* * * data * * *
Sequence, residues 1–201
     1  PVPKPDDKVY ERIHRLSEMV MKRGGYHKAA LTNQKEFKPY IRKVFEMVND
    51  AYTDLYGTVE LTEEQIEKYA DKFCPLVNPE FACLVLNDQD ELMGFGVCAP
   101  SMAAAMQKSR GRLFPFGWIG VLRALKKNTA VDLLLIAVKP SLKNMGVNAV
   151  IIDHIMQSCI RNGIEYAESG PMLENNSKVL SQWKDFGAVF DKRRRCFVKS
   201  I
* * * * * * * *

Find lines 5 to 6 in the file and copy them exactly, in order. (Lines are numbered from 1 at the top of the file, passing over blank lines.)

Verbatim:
   151  IIDHIMQSCI RNGIEYAESG PMLENNSKVL SQWKDFGAVF DKRRRCFVKS
   201  I